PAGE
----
# Prime Counting Function and Chebyshev Bounds

The distribution of primes plays a central role in number theory. The famous mathematician Gauss had conjectured that the number of primes between $$1$$ and $$n$$ is roughly $$n/\log n$$. This estimation gets more and more accurate as $$n\to \infty$$. We use $$\pi(n)$$ to denote the number of primes between $$1$$ and $$n$$. So, mathematically, Gauss’s conjecture is equivalent to the claim

$\lim_{n\to\infty}\frac{\pi(n)}{n/\log n}=1$

This conjecture (currently known as the Prime Number Theorem) is notoriously difficult to prove. The first proof appeared almost a century after it was stated.

However, there are much simpler methods to bound $$\pi(n)$$ above and below. Today I shall show such a bound that gives the correct order of magnitude for $$\pi(n)$$ up to some constants. In particular, I shall prove that

$(1+2\log 4)\frac{n}{\log n}\ge \pi(n)\ge \frac{\log 2}{2}\frac{n}{\log n}$

for $$n\ge 12$$. This proof technique is originally due to nineteenth century mathematician Pafnuty Chebyshev. He used a more complicated version of this technique to show that

$1.1\frac{n}{\log n}\ge \pi(n)\ge 0.92\frac{n}{\log n}$

for sufficiently large $$n$$s.

### The Lower Bound

Suppose $$n$$ is even, ie. $$n=2k$$. Let us consider the prime factorization of $$\binom{2k}{k}$$. All of its prime factors are between $$1$$ and $$2k$$. Therefore,

$\binom{2k}{k}=p_1^{a_1}\cdots p_{\pi(2k)}^{a_{\pi(2k)}}$

Claim: For every prime $$p_i$$, $$p_i^{a_i}\leq 2k$$

Proof: We shall use this very simple identity $\lfloor a+b\rfloor-\lfloor a\rfloor-\lfloor b\rfloor\leq1$

It is well-known that the largest exponent of a prime dividing $$r!$$ is

$\left\lfloor\frac{r}{p_i}\right\rfloor+\left\lfloor\frac{r}{p_i^2}\right\rfloor+\cdots$

Since $$\binom{2k}{k}=\frac{(2k)!}{(k!)^2}$$, we have the following relationship

\begin{align}
a_i=&\left\lfloor\frac{2k}{p_i}\right\rfloor-2\left\lfloor\frac{k}{p_i}\right\rfloor+\left\lfloor\frac{2k}{p_i^2}\right\rfloor-2\left\lfloor\frac{k}{p_i^2}\right\rfloor+\cdots \\
&\leq 1+1+\cdots
\end{align}

Now there are as many $$1$$s as there are powers of $$p_i\leq 2k$$. Hence, $$p_i^{a_i}\leq 2k$$.

(Q.E.D)

So, we can conclude,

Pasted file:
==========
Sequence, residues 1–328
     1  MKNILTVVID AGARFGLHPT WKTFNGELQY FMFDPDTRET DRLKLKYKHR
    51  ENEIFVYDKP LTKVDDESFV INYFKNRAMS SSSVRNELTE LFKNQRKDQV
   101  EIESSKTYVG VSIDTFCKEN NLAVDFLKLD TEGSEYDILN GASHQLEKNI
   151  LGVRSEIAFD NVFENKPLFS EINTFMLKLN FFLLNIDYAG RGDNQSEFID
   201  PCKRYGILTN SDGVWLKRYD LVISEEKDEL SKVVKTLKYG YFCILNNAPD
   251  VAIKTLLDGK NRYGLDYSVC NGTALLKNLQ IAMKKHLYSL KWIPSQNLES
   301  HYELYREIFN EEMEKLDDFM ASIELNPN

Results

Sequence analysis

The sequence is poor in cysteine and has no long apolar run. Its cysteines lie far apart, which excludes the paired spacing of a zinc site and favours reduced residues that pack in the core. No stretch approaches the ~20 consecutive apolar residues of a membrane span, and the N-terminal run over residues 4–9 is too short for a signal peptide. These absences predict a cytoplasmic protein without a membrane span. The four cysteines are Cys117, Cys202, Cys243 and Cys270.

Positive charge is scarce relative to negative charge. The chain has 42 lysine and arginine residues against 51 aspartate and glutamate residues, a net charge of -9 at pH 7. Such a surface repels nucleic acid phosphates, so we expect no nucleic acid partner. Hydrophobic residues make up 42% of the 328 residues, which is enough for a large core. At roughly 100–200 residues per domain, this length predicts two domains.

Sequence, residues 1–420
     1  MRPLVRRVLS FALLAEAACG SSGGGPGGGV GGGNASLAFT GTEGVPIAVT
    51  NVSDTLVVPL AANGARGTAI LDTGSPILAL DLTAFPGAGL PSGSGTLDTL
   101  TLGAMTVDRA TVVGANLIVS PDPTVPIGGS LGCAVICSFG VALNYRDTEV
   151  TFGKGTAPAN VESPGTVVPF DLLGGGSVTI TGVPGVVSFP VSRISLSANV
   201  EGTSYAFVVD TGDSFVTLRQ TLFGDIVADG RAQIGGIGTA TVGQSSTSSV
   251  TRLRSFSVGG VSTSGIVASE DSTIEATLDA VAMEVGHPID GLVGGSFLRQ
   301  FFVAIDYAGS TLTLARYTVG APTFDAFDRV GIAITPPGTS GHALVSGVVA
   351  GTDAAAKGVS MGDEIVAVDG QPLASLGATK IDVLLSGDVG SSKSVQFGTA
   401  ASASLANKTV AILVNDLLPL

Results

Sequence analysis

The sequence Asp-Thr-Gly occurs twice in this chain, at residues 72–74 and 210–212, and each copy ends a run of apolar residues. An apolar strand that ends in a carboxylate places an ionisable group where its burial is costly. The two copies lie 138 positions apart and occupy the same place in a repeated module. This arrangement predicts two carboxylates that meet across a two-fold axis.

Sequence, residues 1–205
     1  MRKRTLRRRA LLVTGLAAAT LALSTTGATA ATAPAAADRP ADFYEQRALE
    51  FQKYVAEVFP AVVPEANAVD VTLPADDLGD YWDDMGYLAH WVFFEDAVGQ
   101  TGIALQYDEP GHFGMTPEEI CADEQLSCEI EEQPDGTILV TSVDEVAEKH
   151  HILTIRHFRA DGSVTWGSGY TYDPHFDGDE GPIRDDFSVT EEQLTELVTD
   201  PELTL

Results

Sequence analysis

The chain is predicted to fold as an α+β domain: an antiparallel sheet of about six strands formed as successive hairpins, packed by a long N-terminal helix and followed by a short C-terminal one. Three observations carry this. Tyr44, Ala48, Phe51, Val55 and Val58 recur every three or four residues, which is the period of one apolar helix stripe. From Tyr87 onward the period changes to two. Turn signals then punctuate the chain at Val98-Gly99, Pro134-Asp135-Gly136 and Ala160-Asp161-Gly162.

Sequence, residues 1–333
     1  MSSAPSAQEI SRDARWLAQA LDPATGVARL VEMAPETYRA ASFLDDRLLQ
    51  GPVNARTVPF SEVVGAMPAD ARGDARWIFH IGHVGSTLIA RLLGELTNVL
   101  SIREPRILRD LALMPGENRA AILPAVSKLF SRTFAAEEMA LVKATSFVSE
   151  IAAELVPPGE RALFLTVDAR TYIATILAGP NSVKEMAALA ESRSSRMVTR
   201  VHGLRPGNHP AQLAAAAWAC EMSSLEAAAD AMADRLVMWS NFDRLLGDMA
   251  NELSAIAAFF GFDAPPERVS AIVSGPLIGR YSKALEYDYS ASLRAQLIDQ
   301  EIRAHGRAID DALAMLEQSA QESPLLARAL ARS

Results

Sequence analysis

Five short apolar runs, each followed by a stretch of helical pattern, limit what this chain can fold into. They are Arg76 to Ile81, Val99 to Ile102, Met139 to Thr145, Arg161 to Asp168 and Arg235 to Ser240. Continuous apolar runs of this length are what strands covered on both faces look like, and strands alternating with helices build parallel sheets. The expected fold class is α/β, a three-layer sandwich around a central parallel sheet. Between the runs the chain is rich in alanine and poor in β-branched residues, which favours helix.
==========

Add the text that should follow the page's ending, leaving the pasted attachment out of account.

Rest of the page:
$\binom{2k}{k}=p_1^{a_1}\cdots p_{\pi(2k)}^{a_{\pi(2k)}}\leq (2k)^{\pi(2k)}$

It is easy to prove $$\binom{2k}{k}\ge 2^k$$, hence

$(2k)^{\pi(2k)}\ge 2^k\implies \pi(2k)\ge \frac{\log 2}{2}\cdot\frac{2k}{\log 2k}$

The same bound can be derived for $$n=2k+1$$ using $$\binom{2k+1}{k+1}$$.  Therefore, the lower bound is

$\boxed{\pi(n)\ge \frac{\log 2}{2}\cdot\frac{n}{\log n}}$

### The Upper Bound

Claim: For all $$n\ge 2$$, $\prod_{p\leq n\\ p\ \text{prime}}p\leq 4^n$

Proof: We induct on $$n$$. The base case trivially holds. $$n=2k-1\to 2k$$ also holds because the product on the left hand side does not increment. So, we only need to prove $$n=2k\to 2k+1$$
\begin{align}
\prod_{p \leq 2k+1\\ p\ \text{prime}}p &= \prod_{p \leq k+1\\ p\ \text{prime}}p \cdot\prod_{k+2\leq p \leq 2k+1\\ p\ \text{prime}}p\\
&\leq 4^{k+1}\cdot \binom{2k+1}{k}\quad (1)
\end{align}
The first part of the product is $$\leq 4^{k+1}$$ because of the inductive hypothesis. The second part is just the product of all the primes in between $$k+2$$ and $$2k+1$$. It’s easy to see that they all divide $$\binom{2k+1}{k}$$, hence their product is $$\leq \binom{2k+1}{k}$$.

It’s easy to show $$\binom{2k+1}{k}<4^k$$. Substituting this bound back to (1) gives us

$\prod_{p \leq 2k+1\\ p\ \text{prime}}p \leq 4^{k+1}\cdot 4^k=4^{2k+1}\quad (\text{Q.E.D.})$

Now take a number $$2\leq m\leq n$$. Consider the primes that are between $$m$$ and $$n$$. There are $$\pi(n)-\pi(m)$$ of them, each of which is $$\ge m$$. Consequently,

$m^{\pi(n)-\pi(m)}\leq \prod_{m\leq p \leq n\\ p\ \text{prime}}p\leq \prod_{1\leq p \leq n\\ p\ \text{prime}}p\leq 4^n$